Population Care

Ambiguous anti-abortion laws are putting patients at risk

Tanya Albert Henry , Contributing News Writer

What’s the news: Physicians and pharmacists are joining forces to raise concerns about vague state laws that may interfere with patients’ access to medically necessary medications and impede doctors and pharmacists from using their professional judgment.

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Patients could “lose access to care and suffer irreparable harm” because “physicians, pharmacists and other health care professionals face a confusing legal landscape due to state laws’ lack of clarity, confusing language and unknown implementation by regulatory and enforcement bodies,” after the U.S. Supreme Court decision in Dobbs v. Jackson Women’s Health Organization this summer, says a joint statement issued by the AMA, American Pharmacists Association, American Society of Health-System Pharmacists and National Community Pharmacists Association.

Learn why the Dobbs ruling is an assault on reproductive health and safe medical practice.

Why it’s important: Some of these organizations’ members and their patients are already reporting that the uncertainty and lack of clarity surrounding state policy is disrupting care as patients experience delays or denials to medically necessary medications.

For example, there are reports that:

  • Legal counsel at some health systems and hospitals, who are tasked with minimizing legal exposures, have advised against providing certain medications as they prioritize caution over access to medications.
  • Leaders at some organizations have removed emergency contraceptives—which are not abortifacients—from kits that are used in the care of sexual assault survivors because they believe the legal risk is too unclear.
  • Some pharmacies have created policies that require pharmacists to reject some prescriptions unless they meet new, burdensome administrative processes. For example, the pharmacist must confirm a female patient’s diagnosis with the prescriber for every potential abortifacient even if the medication has multiple uses.

Physicians and pharmacists are raising their concerns as more than half of the nation’s states have already, or are expected to soon, severely restrict patients from accessing abortion services. Many of the laws include language that prohibit prescribing and dispensing an “abortion-inducing drug,” or other similar terms.

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The laws’ vague language often makes it unclear whether health professionals are prohibited from prescribing or dispensing the medications only when the purpose is to induce abortion, or whether the medication is entirely prohibited regardless of the purpose for which it is being prescribed or dispensed.

For example, methotrexate can be used off-label to terminate an intrauterine pregnancy. But it is frequently used as a first-line treatment for inflammatory diseases such as arthritis. Likewise, mifepristone can be used to end a pregnancy, but there are many other reasons a physician may prescribe the medication in a medical emergency, such as to treat an ectopic pregnancy, preeclampsia and situations that emerge during labor and delivery. It can also be used to medically manage a miscarriage.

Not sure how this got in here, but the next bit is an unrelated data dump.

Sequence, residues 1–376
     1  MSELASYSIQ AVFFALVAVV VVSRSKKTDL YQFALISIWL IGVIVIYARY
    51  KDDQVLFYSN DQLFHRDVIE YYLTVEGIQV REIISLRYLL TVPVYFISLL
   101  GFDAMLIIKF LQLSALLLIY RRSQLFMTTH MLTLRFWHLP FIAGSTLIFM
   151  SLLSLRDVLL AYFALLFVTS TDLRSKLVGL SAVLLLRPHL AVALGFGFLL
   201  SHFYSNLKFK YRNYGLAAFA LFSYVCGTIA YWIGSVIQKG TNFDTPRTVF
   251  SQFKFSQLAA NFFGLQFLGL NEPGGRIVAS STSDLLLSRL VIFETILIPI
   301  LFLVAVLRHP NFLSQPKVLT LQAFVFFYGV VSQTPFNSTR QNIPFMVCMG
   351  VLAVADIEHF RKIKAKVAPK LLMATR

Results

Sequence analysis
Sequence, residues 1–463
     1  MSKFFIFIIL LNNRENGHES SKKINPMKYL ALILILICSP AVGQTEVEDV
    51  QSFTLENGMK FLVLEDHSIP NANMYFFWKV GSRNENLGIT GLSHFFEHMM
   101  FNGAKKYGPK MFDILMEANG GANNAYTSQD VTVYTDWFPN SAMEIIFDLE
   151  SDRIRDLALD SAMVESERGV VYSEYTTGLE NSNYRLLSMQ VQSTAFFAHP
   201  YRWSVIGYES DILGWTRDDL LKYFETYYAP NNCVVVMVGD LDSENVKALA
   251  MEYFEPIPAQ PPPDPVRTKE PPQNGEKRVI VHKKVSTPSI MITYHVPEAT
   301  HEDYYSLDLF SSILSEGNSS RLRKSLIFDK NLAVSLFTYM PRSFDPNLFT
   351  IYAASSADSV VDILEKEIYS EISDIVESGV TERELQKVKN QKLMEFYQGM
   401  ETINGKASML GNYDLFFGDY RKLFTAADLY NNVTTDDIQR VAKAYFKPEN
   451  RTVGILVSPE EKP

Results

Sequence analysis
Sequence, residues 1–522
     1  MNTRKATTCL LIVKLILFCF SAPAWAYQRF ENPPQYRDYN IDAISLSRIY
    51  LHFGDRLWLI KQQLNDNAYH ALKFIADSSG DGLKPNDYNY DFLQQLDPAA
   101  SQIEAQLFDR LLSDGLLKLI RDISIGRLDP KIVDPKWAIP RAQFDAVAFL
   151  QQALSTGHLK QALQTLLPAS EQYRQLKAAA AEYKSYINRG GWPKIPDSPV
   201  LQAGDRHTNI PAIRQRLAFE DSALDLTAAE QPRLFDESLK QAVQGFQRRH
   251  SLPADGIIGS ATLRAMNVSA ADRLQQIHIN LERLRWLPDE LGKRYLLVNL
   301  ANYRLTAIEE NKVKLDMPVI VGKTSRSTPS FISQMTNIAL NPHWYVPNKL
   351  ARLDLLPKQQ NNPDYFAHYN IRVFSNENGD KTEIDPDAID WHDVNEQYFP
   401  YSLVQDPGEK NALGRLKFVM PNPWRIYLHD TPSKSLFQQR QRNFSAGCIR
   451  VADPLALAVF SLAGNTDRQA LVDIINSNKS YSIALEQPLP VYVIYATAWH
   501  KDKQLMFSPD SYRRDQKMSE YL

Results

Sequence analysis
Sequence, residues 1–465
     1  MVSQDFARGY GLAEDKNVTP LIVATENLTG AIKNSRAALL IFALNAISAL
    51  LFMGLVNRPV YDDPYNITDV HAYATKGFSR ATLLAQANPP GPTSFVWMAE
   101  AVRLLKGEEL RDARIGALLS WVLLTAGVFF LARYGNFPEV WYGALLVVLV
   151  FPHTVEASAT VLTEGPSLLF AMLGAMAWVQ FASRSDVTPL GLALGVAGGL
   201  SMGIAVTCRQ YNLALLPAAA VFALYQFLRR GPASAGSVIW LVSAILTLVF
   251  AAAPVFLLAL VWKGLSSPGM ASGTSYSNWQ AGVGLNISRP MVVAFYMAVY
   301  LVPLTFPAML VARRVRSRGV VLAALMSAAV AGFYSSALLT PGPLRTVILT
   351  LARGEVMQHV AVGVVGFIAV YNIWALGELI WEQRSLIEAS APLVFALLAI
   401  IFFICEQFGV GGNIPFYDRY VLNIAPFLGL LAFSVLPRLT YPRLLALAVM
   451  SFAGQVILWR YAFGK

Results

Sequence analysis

The AMA and pharmacy organizations’ joint statement calls for “clear guidance from state boards of medicine and pharmacy, agencies and policymakers” that supports prescribing and dispensing medically necessary medications that could be called into question under the legal and regulatory paradigm that Dobbs created.

“Without access to medications proven to be safe and effective, our patients’ health is at risk. As physicians and pharmacists, we view patient wellbeing as paramount and are deeply troubled that continuity of care is being disrupted,” the joint statement says.

“We call on state policymakers to ensure through guidance, law or regulation that patient care is not disrupted and that physicians and pharmacists shall be free to continue to practice medicine and pharmacy without fear of professional sanction or liability. We strongly urge state medical and pharmacy boards, agencies and policymakers to act to help ensure that our patients retain continuity of care and that our members clearly understand their legal and licensing obligations.”

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Arizona AG wants to reinstate abortion law criminalizing medicine

Learn more: With abortion under attack, doctors are pushing back on criminalizing care. That includes in the courts, such as fighting an attempt in Arizona to reinstate a 1901 abortion law criminalizing medicine.

Also, read how physicians are backing continued access to medication abortion nationwide, and read about AMA reproductive health testimony before Congress from AMA President Jack Resneck, MD.

Dr. Resneck was among the physicians quoted in this New York Times article examining the impact of the Dobbs decision on health care. Reporter Kate Zernike wrote about physicians who “say the criminalization of abortion is changing how they treat women who arrive in emergency rooms and on labor and delivery floors with wanted but complicated pregnancies.”